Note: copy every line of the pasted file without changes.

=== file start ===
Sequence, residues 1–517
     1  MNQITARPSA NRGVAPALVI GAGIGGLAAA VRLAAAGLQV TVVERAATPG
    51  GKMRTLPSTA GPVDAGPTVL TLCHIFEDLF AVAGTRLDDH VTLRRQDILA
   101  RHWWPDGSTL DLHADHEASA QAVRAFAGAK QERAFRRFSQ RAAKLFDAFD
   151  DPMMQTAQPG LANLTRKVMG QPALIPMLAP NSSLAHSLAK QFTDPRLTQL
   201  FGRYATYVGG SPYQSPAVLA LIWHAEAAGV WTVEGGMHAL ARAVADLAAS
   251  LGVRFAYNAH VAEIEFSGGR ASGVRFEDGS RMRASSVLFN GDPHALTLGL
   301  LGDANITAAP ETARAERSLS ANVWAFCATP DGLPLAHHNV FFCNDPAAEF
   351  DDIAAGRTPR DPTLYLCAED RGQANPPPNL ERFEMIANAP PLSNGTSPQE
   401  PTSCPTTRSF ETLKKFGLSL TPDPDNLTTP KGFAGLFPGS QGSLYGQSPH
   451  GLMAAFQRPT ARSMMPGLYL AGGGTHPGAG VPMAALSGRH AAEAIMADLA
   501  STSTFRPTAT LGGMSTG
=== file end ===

Sequence, residues 1–517
     1  MNQITARPSA NRGVAPALVI GAGIGGLAAA VRLAAAGLQV TVVERAATPG
    51  GKMRTLPSTA GPVDAGPTVL TLCHIFEDLF AVAGTRLDDH VTLRRQDILA
   101  RHWWPDGSTL DLHADHEASA QAVRAFAGAK QERAFRRFSQ RAAKLFDAFD
   151  DPMMQTAQPG LANLTRKVMG QPALIPMLAP NSSLAHSLAK QFTDPRLTQL
   201  FGRYATYVGG SPYQSPAVLA LIWHAEAAGV WTVEGGMHAL ARAVADLAAS
   251  LGVRFAYNAH VAEIEFSGGR ASGVRFEDGS RMRASSVLFN GDPHALTLGL
   301  LGDANITAAP ETARAERSLS ANVWAFCATP DGLPLAHHNV FFCNDPAAEF
   351  DDIAAGRTPR DPTLYLCAED RGQANPPPNL ERFEMIANAP PLSNGTSPQE
   401  PTSCPTTRSF ETLKKFGLSL TPDPDNLTTP KGFAGLFPGS QGSLYGQSPH
   451  GLMAAFQRPT ARSMMPGLYL AGGGTHPGAG VPMAALSGRH AAEAIMADLA
   501  STSTFRPTAT LGGMSTG